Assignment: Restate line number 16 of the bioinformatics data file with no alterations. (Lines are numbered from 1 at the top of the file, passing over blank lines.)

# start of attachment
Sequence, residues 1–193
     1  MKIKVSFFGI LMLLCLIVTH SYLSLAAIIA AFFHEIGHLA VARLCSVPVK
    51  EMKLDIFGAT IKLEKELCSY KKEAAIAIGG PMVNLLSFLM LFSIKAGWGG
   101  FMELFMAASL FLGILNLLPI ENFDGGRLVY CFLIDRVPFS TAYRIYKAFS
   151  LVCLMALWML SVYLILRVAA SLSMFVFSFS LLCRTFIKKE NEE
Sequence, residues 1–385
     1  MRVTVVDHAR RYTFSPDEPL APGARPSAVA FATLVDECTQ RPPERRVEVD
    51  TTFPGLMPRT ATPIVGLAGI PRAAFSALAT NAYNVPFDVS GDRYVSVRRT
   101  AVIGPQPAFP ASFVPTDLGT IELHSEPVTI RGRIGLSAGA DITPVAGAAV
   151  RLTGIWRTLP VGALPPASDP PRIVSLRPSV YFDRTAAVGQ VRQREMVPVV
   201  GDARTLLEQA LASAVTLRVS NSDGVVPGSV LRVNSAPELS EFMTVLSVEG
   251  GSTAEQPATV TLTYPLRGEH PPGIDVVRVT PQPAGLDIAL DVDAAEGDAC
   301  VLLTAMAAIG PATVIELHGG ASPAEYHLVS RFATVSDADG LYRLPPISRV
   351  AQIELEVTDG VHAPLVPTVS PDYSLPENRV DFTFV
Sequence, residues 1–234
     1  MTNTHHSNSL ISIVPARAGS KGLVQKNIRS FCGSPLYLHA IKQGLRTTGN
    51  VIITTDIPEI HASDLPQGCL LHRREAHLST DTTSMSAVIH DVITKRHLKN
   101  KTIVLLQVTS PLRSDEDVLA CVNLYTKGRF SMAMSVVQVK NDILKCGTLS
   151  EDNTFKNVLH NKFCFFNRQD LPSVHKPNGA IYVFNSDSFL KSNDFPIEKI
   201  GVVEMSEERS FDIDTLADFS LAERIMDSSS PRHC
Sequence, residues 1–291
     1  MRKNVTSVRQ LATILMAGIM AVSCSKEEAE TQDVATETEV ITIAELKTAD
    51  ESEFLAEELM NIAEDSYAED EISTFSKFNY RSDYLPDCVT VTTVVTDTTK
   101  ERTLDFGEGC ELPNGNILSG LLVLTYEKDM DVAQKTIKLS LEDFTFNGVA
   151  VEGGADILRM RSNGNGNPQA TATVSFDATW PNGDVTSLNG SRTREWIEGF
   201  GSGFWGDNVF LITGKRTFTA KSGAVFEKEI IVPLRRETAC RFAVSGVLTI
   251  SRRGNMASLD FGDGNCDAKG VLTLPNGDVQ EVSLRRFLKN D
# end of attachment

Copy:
     1  MTNTHHSNSL ISIVPARAGS KGLVQKNIRS FCGSPLYLHA IKQGLRTTGN